“THE CALLING FROM THE HEAVEN” | International Premiere | Japan, United States | English, Japanese w/English subtitles | 79 min.

Written by Yuki Tsuchida. Directed by Kazuyoshi Nagashima.

Miwako’s belief that her son Rikiya Asai was born for a purpose and that every creature given life by God has a calling made Rikiya’s talent as a painter come into bloom. Stricken with cerebral palsy, Rikiya cannot walk or talk like a normal person. This documentary, which spans 20 years, tells their story.

Miwako reveals that one day, while at the top of a sleep slope, she thought of letting go of his stroller and then committing suicide. But when Rikiya discovers painting at age 4, their lives change forever. He is finally able to communicate his thoughts through painting. Rikiya’s paintings inspire empathy from many people and are exhibited in Japan, China, Taiwan, San Francisco and New York.

Now 30 years old, Rikiya has gone from being cared for to caring for those around him. Not surprising, Miwako, now in her 60s, worries about Rikiya’s life after she is gone. Rikiya had discovered his calling and continues rising to new challenges.

Screenings:  Nov. 4, 6:15 p.m. | Nov. 5, 1 p.m.

“95 AND 6 TO GO” | U.S. Premiere | United States | English | 86 min.

Directed by Kimi Takesue.

Award-winning filmmaker Kimi Takesue’s latest documentary brings her back to her “second home,” Hawai‘i, where she captures the cadence of the daily life of her grandfather, who was born in Hawai‘i to immigrants from Japan. Amidst the solitude of his home routines — coupon clipping, rigging an improvised barbecue, lighting firecrackers at New Year’s — Grandpa Tom’s distinctly rich inner life is revealed.

As she queries her grandfather’s history of love and loss, a dramatic feature film project that Takesue has been developing provokes a surprising and sometimes humorous collaboration between the two. Grandpa Tom becomes intrigued by his granddaughter’s stalled screenplay and offers advice that is as shrewd as it is unexpected. A regular viewer of Japanese TV dramas, he gives her notes on catchy titles, as well as suggestions on vintage songs to use. With characteristic tough love, he also urges Kimi to move on with her life and get a “steady job.” Their growing collaboration provides a deeper understanding of Grandpa Tom’s fears and desires as he shares intimate memories collected over a lifetime.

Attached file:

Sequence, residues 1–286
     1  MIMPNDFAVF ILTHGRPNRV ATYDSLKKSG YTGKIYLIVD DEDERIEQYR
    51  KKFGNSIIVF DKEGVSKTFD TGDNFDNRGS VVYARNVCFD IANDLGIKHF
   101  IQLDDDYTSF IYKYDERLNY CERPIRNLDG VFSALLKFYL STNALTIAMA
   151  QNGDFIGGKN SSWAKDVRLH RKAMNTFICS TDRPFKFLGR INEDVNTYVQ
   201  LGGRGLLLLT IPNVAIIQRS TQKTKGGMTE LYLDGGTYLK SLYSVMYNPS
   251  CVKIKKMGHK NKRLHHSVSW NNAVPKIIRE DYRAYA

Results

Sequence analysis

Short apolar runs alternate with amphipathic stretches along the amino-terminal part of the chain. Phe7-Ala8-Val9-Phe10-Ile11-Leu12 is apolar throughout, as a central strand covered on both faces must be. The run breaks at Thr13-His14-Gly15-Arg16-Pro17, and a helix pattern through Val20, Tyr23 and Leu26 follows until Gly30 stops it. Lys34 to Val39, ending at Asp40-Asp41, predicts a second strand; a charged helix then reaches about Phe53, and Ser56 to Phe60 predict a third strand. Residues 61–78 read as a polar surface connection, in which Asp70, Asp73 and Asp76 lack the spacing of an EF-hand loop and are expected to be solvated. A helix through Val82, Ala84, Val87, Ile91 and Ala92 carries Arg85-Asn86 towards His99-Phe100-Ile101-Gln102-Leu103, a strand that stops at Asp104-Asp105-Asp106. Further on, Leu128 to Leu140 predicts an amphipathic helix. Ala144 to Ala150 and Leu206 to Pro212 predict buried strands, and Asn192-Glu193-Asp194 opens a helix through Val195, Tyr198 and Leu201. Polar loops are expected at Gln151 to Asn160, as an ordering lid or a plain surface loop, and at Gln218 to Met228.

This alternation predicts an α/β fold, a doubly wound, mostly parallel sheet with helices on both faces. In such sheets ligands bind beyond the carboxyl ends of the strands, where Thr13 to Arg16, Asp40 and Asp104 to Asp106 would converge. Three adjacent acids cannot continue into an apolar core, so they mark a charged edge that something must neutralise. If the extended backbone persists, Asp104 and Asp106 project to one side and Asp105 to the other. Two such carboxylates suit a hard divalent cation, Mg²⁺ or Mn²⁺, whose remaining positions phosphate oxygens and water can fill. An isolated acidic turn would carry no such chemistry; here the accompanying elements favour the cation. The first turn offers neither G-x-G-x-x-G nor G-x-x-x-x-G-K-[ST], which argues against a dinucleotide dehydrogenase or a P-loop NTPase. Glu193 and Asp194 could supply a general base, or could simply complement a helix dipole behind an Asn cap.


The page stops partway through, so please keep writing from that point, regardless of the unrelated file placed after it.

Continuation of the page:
Takesue continues in her trademark observational style, recognized in previous documentaries such as “Where Are You Taking Me?” (2010) and 2002 film, “Heaven’s Crossroad.”

Slow-paced, but ultimately fulfilling for the viewer, “95 and 6 to Go” pieces together the ordinary yet extraordinary life of a quiet, but stubbornly resilient man. Shot over a period of six years in Honolulu, this intimate meditation on absence and family expands the vernacular of home movies to consider how history is accumulated in the every day and animated with sparks of humor and creativity.

This film is nominated for the Halekulani Golden Orchid Award for Best Documentary.

Screenings:  Nov. 5, 8:15 p.m. | Nov. 6, 8 p.m.

“A SMALL LIFE” | World Premiere | Japan, United States | English, Japanese w/English subtitles | 46 min.

Directed by Lucretia Knapp and Lynne Yamamoto.

Nearly a lifetime has passed for three sisters who were born on the Big Island’s Häwï sugar plantation. Now in their 80s and 90s, they reflect on a tragic event that occurred in 1942, when they were so young. Silence built up around the event and memories eventually faded. Some fragments remained while others were lost.

“A Small Life” is a reflective journey, leaving the viewer to actively participate in piecing together its parts. The story unfolds through a range of engaging interviews. Although the crux of the story is devastating, the journey is lively with humor, thoughtfulness and warmth. The film builds an outcome, not through a collection of historical images and facts, but through the imagined thoughts of a community and the voices of the sisters, each of whose memories is intensified through the layering of other stories.

The shots of the sisters are long and beautiful studies. Throughout the film, the observant, intimate camera and a lingering pace call attention to the passage of time and the beauty in listening. Time has a significant presence in the work.

Screenings:  Nov. 6, 6 p.m. | Nov. 12, 2:15 p.m. (Screening of “A Small Life” will be preceded by the shorts “Im/Perfection” and “Occasionally, I Saw Glimpses of Hawai‘i.”)

“MELE MURALS” | Hawai‘i Premiere | United States | English | 66 min.

Directed by Tadashi Nakamura. Produced by Keoni Lee and Kamakanioka‘aina Paikai.

“Mele Murals” is a documentary on the transformative power of modern graffiti art and ancestral wisdom for a new generation of Native Hawaiians. At the center of the story are two former illegal graffiti writers-turned-community artists — Estria Miyashiro and John “Prime” Hina, a group of Native Hawaiian youth and the rural community of Waimea.

Check out Hawai‘i Herald contributing writer Roy Kimura’s story about the story behind “Mele Murals” on Page 1. “Mele Murals has been nominated for the Halekulani Golden Orchid Award for Best Documentary.

Screenings:  Nov. 6, 7 p.m. (IBM Building Courtyard) | Nov. 8, 3 p.m. | Nov. 12, 5:30 p.m. (Regal Kapolei) | Nov. 17 (Palace Theater) | Nov. 18, 6 p.m. (Waimea Theater)


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